But it’s not the just the runways that are digitalised this year, some of the clothes are as well. Melanie Bowles, senior lecturer at Chelsea College of Art & Design and a specialist in digital textiles design, says, ‘There’s been a boom of digital fabrics, especially in the psychedelic mash-up of the spring/summer collections.’
Melanie highlights Erdem, Christopher Kane, Paul Smith and the late Alexander McQueen as champions of the form. ‘The collections we’ve seen this season have been a bit more restrained but it’s just a short-term reaction,’ she says. ‘Digital textiles are the future.’
In creating textiles digitally, prints and motifs are scanned or devised from scratch, manipulated on a computer, then applied to fabric using a digital printer. Aside from creating visual treats for fashionistas, the development of digital design could provide some exciting collaborative opportunities for graphic designers.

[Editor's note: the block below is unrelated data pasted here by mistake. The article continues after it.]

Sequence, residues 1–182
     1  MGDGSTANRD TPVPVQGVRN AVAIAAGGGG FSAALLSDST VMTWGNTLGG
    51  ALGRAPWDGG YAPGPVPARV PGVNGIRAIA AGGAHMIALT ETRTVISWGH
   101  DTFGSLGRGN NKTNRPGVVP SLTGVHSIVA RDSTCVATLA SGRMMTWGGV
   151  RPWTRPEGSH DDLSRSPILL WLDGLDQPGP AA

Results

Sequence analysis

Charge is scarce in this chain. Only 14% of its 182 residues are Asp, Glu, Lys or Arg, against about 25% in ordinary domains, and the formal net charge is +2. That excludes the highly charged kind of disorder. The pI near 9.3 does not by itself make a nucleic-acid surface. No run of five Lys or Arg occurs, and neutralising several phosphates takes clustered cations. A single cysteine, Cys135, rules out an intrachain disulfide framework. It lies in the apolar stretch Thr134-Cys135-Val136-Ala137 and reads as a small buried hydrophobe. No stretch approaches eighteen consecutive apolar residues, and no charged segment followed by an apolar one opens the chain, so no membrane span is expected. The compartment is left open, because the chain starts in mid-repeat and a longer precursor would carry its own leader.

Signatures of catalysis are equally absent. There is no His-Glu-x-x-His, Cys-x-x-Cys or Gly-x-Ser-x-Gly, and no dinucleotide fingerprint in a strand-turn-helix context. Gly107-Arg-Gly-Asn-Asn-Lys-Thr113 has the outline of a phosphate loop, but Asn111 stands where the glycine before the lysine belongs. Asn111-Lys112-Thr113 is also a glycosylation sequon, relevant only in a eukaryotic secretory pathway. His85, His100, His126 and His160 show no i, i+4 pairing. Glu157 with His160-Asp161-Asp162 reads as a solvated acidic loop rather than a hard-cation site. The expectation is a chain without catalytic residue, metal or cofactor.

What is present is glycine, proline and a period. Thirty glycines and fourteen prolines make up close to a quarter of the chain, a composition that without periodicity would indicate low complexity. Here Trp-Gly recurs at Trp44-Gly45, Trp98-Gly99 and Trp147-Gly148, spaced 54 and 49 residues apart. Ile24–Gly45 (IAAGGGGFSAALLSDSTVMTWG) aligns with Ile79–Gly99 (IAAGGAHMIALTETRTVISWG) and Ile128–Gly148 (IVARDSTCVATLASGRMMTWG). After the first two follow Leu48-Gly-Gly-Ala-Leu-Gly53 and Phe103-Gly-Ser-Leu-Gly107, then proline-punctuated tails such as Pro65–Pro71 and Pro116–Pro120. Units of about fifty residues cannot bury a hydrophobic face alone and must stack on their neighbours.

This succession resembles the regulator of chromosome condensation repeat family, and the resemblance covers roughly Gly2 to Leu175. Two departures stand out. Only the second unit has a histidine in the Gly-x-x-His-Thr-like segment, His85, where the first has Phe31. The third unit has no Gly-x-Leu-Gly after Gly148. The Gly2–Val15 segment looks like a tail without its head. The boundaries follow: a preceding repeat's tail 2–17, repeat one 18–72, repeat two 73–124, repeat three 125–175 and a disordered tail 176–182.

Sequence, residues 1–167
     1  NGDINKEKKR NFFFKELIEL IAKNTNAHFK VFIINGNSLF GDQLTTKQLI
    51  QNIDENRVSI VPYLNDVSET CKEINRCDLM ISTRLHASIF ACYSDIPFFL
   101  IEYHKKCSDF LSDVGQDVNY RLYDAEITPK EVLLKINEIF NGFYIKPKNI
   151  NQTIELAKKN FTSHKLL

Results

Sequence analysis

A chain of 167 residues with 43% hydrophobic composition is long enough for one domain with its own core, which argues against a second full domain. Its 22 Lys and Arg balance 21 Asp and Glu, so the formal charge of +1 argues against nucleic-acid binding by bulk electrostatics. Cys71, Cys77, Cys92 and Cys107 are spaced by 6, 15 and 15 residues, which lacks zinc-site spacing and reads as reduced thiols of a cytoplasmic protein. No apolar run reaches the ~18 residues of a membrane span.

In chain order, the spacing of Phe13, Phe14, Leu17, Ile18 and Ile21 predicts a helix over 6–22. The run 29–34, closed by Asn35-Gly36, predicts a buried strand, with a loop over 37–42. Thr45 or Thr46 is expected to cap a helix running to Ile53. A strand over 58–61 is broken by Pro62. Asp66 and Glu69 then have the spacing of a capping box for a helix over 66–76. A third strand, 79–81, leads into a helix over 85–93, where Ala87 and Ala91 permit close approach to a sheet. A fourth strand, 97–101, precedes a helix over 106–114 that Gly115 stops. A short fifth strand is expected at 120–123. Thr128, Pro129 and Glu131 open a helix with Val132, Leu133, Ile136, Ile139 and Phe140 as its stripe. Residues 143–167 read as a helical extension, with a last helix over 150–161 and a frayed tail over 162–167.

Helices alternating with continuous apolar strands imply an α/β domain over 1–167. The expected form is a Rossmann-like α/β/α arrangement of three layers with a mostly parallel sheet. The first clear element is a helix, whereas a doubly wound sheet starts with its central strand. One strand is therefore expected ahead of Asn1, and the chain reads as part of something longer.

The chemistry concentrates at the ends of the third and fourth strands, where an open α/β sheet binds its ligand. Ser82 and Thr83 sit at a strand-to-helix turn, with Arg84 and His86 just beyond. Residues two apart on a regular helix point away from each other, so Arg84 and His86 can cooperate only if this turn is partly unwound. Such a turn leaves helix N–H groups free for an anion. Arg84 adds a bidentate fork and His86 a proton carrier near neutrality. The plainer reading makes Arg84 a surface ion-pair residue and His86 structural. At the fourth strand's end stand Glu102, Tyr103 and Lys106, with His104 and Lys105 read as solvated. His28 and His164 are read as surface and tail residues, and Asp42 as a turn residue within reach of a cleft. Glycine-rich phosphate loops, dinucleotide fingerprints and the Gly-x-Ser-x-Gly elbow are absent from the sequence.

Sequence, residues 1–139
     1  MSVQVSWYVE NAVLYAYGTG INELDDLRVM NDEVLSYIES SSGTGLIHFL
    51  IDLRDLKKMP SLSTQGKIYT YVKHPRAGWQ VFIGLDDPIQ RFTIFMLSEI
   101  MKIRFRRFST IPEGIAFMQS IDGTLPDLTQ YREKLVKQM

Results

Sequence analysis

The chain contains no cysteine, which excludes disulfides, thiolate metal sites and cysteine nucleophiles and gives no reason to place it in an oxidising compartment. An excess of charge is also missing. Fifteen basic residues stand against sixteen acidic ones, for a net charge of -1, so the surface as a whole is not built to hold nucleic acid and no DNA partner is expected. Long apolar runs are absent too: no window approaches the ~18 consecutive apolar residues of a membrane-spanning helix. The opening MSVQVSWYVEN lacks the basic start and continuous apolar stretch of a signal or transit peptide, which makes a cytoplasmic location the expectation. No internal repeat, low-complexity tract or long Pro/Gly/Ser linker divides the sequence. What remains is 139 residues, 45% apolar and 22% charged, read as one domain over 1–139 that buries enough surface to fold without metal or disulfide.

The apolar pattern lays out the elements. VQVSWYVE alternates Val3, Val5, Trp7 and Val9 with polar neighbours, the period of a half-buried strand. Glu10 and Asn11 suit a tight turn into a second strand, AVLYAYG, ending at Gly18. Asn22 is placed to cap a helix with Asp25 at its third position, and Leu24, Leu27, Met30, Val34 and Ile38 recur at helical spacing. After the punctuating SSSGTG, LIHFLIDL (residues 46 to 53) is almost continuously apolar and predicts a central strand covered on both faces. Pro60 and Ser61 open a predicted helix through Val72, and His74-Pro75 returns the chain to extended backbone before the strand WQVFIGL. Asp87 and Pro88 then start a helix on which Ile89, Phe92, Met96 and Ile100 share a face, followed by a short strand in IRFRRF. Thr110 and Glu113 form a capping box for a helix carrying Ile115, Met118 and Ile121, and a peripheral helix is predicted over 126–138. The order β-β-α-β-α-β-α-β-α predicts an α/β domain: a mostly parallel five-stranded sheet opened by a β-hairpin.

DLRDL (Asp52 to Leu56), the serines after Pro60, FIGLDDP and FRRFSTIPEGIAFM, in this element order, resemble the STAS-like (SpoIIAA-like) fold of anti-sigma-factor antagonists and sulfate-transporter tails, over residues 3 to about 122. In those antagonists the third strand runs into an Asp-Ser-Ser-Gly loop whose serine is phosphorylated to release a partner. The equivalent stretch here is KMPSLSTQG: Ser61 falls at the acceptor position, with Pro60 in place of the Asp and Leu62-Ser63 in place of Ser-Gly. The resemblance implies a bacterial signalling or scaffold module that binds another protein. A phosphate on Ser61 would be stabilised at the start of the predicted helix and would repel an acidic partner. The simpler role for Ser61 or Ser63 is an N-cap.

A recent study by graphics industry research group Pira International seems to agree with Melanie’s prediction of growth. The report forecasts that digital print for textiles will increase from £100m in 2009 to nearly £900m in 2014.
Though currently more expensive than traditional methods of roller and screenprinting, there are great benefits in digitally-produced fabrics. Smaller test samples of just 2m can be printed, which drastically reduces waste, and digital production is better for the environment.
‘The process is like a big inkjet printer, so it takes up half as much space as traditional methods. It’s environmentally friendly too as it uses less electricity and there’s less water wastage,’ Melanie says.
Good for the environment and good for graphics, let’s hope digital textiles matches up to the predictions.
For more information see Digital Textile Design by Melanie Bowles and Ceri Isaac, Laurence King Publishing, £22.50.